Choosing columns for Clustered Index.. Why it is so important?

  • I wanted to write an article on Choosing the right columns for Clustered Index and Why it is so important? This becomes extremely important for an intensive read/write DB.

    It will cover :-

    1. What is Clustered Index?

    2. Why to always have Clustered Index? What can happen if we will not have it?

    3. Various locking in absence of Clustered Index

    4. Hard Delete vs Soft Delete... Which to choose and why?

    5. (Key lookup + Covering Indexes) vs (Clustered Index)

    6. Requirement vs Best practices in choosing the right column for the Clustered Index

    Please share your feedback and let me know if i go ahead with this?

  • I'd also mention the issue of page splitting, fragmentation, fill factor, and how it all relates to choosing the optimal clustering key combination.

    Imagine you're stacking books on a shelf sorted by author and you leave little or no room in between. Then one day you receive a shipment of 100 books all by the author Nora Roberts. What must you do to make room while maintaining the correct order? You must shuffle other books to new locations. In terms of row store tables, page splitting is the equivalent, and it can result in significant I/O overhead.

    "Do not seek to follow in the footsteps of the wise. Instead, seek what they sought." - Matsuo Basho

  • The subject is interesting, but you're trying to cover a wide set of topics. Try to get a series of articles instead of just one. At least, that's my opinion.

    Luis C.
    General Disclaimer:
    Are you seriously taking the advice and code from someone from the internet without testing it? Do you at least understand it? Or can it easily kill your server?

    How to post data/code on a forum to get the best help: Option 1 / Option 2
  • Yeah.. You are right:-)

    Will break it into multiple articles and will try to link them.

    Thanks for your feedback... I am new to Public forum where I will write something. I thought to share my experience and learning that may be helpful for others.

    Thank you once again!!

    Can I go ahead and initiate it??

  • who is stopping you ? Go ahead .

  • I have written my own blog

  • Brahmanand Shukla - Thursday, September 27, 2018 9:01 AM

    I have written my own blog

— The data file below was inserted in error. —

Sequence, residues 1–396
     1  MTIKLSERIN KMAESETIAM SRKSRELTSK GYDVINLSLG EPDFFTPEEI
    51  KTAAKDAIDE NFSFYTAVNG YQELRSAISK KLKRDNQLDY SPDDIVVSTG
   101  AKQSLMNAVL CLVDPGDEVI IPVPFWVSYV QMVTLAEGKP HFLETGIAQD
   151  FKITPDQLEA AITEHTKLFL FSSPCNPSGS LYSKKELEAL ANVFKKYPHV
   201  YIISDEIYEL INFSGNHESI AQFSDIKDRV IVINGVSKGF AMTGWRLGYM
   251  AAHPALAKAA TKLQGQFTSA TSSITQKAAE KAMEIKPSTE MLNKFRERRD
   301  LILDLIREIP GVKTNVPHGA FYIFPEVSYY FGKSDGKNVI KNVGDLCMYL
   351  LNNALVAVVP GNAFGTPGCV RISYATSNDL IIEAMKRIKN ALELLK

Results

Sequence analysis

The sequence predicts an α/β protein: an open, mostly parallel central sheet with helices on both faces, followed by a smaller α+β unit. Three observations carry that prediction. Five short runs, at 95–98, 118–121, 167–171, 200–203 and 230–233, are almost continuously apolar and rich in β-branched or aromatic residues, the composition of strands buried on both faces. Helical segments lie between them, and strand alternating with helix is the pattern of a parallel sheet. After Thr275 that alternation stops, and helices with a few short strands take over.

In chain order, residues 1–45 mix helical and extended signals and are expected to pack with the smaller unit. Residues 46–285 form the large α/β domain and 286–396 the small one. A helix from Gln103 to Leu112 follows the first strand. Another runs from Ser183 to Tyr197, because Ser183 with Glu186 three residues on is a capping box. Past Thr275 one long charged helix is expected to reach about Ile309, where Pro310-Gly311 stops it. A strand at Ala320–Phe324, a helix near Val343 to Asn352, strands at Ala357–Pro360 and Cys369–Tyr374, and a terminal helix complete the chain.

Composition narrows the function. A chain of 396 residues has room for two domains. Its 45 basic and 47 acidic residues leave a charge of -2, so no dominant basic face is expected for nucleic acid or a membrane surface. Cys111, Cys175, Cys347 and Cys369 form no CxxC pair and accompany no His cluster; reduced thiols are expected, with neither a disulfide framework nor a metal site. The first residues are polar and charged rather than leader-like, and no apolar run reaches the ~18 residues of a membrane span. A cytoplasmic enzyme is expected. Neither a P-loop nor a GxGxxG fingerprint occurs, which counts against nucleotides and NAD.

I will disagree with #6 Object, Column and Variable name should be in Title case.

    You should code these as they are declared in the database.  If the column name is declare as 'object_id' then you should code it as 'object_id' (check the system tables).  My rule of thumb, code as if you are working in a database or instance where the collation is case sensitive, even if it isn't.  You never know when your code may get used in such an environment.  This is just a defense coding method I have chosen to use and it has saved my butt numerous times.

  • Brahmanand Shukla - Thursday, September 27, 2018 9:01 AM

    I have written my own blog

    I also disagree with #17 Tables whose columns are not used in query should not be there in joins.

    I have used columns in joins even if they aren't used else where in the query.  The JOIN may be the only place columns may be used in a query depending on the data and the tables.

  • Brahmanand Shukla - Thursday, September 27, 2018 9:01 AM

    I have written my own blog

    And yes, I also disagree with #21 Don’t use CURSOR. Use WHILE loop in place of cursor.

    Yes, avoid cursors where possible.  But where appropriate a fire hose cursor can perform better than WHILE loop with temporary tables that require maintenance to support the loop.  Plus, even a cursor requires a WHILE loop.

  • Brahmanand Shukla - Thursday, September 27, 2018 9:01 AM

    I have written my own blog

    And #29 Avoid Dynamic SQL.

    Dynamic SQL is a tool.  If used appropriately it is good, but used inappropriately it is evil.  There are times that using dynamic SQL is necessary.  When using dynamic SQL be sure to code defensively to avoid SQL injection.  Use EXEC sp_executesql so you can also send appropriate data as variables to dynamic SQL where this makes sense.  Also TVP make sense in this case as well to send multiple values where needed.

  • Brahmanand Shukla - Thursday, September 27, 2018 9:01 AM

    I have written my own blog

    Reread number 1 and it is an agree/strongly disagree: SET NOCOUNT ON and TRANSATION ISOLATION LEVEL READ UNCOMMITED should be there at the beginning of Stored Procedure.

    You do know the problems that you can experience when using transaction isolation level READ UNCOMMITTED don't you?  This allows dirty reads, phantom reads.  If the data MUST BE RIGHT you don't want this.

  • I kinda disagree with #27 and 30, though I guess it depends on what version of SQL Server we're talking about. I wouldn't use @@ERROR, I'd use ERROR_NUMBER() and the other ERROR* functions instead. Plus I'd wrap things in a BEGIN TRY/BEGIN CATCH and deal with error and pending transaction in the CATCH (oh that reminds don't mention how to check for/deal with deal with an uncommitable transaction)..

    In #30, what does "properly return" mean? Output parameters? A custom error message? Why bother? The client will receive the error message (unless you swallow it in a CATCH, which you probably shouldn't do...I generally re-THROW the original error).

    Maybe you should qualify this as being best practices for you. 🙂

  • Hey, it's been a long time since anyone responded on this thread, but in case anyone is interested, I've recently published a blog post dealing with this issue of clustered indexes:

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